Instead, what do we find?  We find Peter as a failure.  More importantly Jesus comes across Peter as a failure as he comes up to them only to find out they’ve caught no fish.  They had one job… But what is Jesus’ reaction to the failed fisherman?  Does he look at him and say, “Peter, you are such a loser!” and walk on?  No, not at all.  Jesus tells Peter to follow him and it is in his failure that Peter becomes available to do what Jesus needs him to do.  If Simon Peter isn’t a failure at fishing then not only is there no time for Peter follow Jesus there is also no place for Jesus in his boat.

Fortunately, Peter is a failure as a fisherman this day and so he has the time and the place for Jesus.  That’s good news for all of us.  With time on his hands and room in his boat, Peter responds to Jesus’ call with the obvious choice of emotions… fear.  Because that’s the emotion we experience when Jesus calls, isn’t it?

Simon Peter’s faith life likely raised him up with a focus on the ‘fear the lord’ which creates all kinds of problems.  In this case, the rock on which Jesus’ church will be built, that is Simon Peter, is saying he’s not worthy.  I wonder what happens to the body of Christ as a group if Peter doesn’t connect.  For one thing, if Simon Peter doesn’t follow Jesus then he doesn’t see the vision that changes the food laws and if the food laws eliminating the Jewish prohibition on pork don’t get changed then, we don’t get to eat bacon today.

Important as bacon might be, there are perhaps a few somewhat more pressing things to remember here.  Don’t get so busy that outside concerns get in the way of your faith life.  You may have a boat full of fish but if you don’t make time for Jesus, there will come a time when those fish are going to go bad and start smelling up the place.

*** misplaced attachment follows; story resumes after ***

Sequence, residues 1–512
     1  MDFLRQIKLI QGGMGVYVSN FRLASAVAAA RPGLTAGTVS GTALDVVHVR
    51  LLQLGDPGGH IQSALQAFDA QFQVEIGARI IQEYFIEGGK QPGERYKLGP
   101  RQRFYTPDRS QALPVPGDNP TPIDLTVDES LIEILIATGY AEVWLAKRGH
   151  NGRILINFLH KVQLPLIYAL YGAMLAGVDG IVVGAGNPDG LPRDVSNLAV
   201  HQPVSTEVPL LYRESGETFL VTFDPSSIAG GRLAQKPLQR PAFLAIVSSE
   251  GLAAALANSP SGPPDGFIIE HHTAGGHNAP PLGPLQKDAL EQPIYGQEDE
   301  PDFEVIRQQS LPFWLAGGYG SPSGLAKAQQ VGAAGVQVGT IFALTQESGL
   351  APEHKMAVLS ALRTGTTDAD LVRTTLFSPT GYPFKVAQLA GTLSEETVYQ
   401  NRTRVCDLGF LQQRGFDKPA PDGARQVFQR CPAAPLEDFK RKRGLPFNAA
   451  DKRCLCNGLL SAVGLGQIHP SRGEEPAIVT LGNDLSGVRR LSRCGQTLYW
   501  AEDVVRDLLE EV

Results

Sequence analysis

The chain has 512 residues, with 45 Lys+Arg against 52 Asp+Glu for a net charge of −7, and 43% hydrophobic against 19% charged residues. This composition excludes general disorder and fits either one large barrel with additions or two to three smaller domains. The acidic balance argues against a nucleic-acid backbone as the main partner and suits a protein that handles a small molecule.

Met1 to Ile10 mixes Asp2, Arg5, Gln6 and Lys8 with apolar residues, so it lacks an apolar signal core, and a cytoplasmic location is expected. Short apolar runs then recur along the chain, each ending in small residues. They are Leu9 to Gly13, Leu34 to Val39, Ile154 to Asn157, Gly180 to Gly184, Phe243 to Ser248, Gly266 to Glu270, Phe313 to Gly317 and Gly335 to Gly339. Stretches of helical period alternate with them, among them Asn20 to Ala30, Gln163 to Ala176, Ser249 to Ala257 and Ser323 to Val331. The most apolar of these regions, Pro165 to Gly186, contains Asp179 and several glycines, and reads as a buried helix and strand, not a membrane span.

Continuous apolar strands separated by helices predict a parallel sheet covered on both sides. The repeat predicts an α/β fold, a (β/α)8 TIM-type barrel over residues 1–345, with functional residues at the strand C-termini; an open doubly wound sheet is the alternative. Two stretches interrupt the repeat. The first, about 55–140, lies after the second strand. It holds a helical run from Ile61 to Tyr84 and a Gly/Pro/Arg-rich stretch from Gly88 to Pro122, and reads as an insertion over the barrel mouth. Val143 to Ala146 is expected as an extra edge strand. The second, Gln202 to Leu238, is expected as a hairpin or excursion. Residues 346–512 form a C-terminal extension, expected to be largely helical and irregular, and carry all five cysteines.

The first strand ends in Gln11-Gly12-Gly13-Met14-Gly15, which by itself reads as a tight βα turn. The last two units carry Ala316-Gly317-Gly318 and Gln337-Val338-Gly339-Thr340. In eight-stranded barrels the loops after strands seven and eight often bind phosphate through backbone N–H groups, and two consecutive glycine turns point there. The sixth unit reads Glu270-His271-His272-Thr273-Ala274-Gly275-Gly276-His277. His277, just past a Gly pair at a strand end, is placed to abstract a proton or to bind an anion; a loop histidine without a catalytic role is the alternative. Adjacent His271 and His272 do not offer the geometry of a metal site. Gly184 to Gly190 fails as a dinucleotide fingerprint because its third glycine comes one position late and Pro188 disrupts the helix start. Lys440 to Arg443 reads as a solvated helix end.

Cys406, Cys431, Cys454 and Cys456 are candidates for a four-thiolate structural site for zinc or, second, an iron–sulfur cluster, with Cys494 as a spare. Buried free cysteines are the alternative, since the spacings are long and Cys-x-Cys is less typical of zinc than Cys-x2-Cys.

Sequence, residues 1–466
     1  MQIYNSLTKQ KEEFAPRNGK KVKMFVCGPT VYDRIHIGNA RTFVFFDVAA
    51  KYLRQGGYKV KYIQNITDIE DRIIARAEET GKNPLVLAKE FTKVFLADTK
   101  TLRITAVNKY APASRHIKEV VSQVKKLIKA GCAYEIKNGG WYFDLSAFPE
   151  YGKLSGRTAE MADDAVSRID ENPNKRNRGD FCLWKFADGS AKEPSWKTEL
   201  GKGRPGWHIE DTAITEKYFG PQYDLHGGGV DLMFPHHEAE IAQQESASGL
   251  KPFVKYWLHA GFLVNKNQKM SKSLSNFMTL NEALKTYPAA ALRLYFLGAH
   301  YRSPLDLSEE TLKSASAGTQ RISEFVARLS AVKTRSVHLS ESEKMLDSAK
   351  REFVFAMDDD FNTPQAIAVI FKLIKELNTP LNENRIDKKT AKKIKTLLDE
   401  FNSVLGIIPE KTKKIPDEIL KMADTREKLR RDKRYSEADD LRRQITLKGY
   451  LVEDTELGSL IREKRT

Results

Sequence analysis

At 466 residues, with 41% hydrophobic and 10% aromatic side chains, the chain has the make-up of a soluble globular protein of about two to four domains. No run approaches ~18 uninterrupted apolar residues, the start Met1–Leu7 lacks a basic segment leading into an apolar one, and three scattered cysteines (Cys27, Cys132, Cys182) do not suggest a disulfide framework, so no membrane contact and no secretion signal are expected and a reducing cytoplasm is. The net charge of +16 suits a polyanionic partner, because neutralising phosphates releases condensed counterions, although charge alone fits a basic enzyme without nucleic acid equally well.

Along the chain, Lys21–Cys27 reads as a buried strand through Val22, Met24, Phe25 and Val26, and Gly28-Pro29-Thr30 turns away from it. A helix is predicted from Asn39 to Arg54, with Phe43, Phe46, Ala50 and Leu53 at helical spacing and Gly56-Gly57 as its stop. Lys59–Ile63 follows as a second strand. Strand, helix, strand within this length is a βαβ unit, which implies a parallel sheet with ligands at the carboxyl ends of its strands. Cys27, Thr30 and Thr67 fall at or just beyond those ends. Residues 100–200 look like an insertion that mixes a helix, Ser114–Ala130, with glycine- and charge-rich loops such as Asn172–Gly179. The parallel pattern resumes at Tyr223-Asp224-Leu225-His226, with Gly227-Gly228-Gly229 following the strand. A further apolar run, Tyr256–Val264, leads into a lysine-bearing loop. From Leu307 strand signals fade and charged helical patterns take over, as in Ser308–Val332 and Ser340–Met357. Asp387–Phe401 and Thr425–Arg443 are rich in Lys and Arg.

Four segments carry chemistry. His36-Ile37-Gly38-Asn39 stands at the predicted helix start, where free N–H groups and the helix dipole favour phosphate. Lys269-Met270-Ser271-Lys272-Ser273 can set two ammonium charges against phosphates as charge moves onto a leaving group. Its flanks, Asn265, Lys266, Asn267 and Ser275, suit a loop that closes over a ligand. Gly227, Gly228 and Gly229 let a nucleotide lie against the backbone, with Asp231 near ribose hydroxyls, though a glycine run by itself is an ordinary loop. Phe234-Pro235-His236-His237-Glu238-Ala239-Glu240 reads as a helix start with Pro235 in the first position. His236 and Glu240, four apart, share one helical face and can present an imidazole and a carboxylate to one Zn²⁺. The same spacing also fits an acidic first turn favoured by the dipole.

Don’t let any kind of failure get in the way of your faith life.  We’ve all failed at one time or another.  You know it, I know it, and more importantly, Jesus knows it.  Thanks to Jesus’ sacrifice on the cross, you’re forgiven, I’m forgiven and in our brokenness Jesus has work for us to do.  It is in our failure that we learn to leave room in our boat for Jesus.

And for the love of all that’s holy, don’t let your fear get in the way of Jesus.  This is probably the biggest trap that Satan sets for us.  Satan doesn’t have to do anything to us, in fact Satan cannot do anything directly to us but Satan can whisper lies in our ears that other things are more important than our relationship with Christ and that we are big failures.  And that whispering sets up what comes next and that’s fear.  And when it comes to faith and our connection to God in Jesus Christ, fear never works in our favor.  Jesus tells Peter, “do not be afraid” and that pretty well shatters the delusion of fear that Peter has.

Remember, you are called and sent by Christ, the one who has saved all of us.  Remember to make room in your boat for Christ.  Remember your failures are forgiven.  Remember, in Christ there is no fear.  Go and share the Good News


Leave a Reply

Fill in your details below or click an icon to log in:

WordPress.com Logo

You are commenting using your WordPress.com account. Log Out /  Change )

Google+ photo

You are commenting using your Google+ account. Log Out /  Change )

Twitter picture

You are commenting using your Twitter account. Log Out /  Change )

Facebook photo

You are commenting using your Facebook account. Log Out /  Change )


Connecting to %s